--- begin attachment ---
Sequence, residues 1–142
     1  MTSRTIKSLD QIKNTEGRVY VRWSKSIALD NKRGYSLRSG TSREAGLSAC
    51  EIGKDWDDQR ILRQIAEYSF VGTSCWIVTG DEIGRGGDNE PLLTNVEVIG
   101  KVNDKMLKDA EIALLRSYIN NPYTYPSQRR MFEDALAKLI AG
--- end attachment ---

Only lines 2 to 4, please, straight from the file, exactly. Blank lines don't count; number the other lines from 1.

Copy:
     1  MTSRTIKSLD QIKNTEGRVY VRWSKSIALD NKRGYSLRSG TSREAGLSAC
    51  EIGKDWDDQR ILRQIAEYSF VGTSCWIVTG DEIGRGGDNE PLLTNVEVIG
   101  KVNDKMLKDA EIALLRSYIN NPYTYPSQRR MFEDALAKLI AG